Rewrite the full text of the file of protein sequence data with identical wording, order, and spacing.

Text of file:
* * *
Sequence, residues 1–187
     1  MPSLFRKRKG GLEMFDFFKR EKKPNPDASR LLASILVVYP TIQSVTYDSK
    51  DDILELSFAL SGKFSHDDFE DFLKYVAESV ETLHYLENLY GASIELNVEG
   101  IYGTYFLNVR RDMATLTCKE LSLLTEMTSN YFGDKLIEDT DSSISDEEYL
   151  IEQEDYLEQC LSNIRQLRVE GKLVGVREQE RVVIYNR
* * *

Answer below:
Sequence, residues 1–187
     1  MPSLFRKRKG GLEMFDFFKR EKKPNPDASR LLASILVVYP TIQSVTYDSK
    51  DDILELSFAL SGKFSHDDFE DFLKYVAESV ETLHYLENLY GASIELNVEG
   101  IYGTYFLNVR RDMATLTCKE LSLLTEMTSN YFGDKLIEDT DSSISDEEYL
   151  IEQEDYLEQC LSNIRQLRVE GKLVGVREQE RVVIYNR